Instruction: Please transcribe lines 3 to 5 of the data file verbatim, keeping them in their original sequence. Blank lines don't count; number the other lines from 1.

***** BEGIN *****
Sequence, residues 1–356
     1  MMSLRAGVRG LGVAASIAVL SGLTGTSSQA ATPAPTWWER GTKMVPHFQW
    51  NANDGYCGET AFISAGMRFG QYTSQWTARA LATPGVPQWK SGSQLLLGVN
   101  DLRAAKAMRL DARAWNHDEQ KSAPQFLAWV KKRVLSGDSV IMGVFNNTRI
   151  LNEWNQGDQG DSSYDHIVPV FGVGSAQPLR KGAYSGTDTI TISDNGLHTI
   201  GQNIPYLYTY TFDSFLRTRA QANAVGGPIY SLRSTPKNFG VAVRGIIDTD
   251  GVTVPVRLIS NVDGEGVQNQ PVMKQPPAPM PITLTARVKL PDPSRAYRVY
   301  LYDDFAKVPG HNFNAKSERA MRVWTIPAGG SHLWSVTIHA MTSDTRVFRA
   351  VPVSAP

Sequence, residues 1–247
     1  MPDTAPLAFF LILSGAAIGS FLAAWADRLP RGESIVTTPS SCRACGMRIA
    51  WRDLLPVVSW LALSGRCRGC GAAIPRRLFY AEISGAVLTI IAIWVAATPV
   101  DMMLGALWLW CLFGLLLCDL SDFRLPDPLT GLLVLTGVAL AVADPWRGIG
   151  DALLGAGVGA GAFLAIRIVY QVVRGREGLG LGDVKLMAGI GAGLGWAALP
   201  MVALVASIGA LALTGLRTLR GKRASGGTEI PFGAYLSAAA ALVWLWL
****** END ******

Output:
    51  NANDGYCGET AFISAGMRFG QYTSQWTARA LATPGVPQWK SGSQLLLGVN
   101  DLRAAKAMRL DARAWNHDEQ KSAPQFLAWV KKRVLSGDSV IMGVFNNTRI
   151  LNEWNQGDQG DSSYDHIVPV FGVGSAQPLR KGAYSGTDTI TISDNGLHTI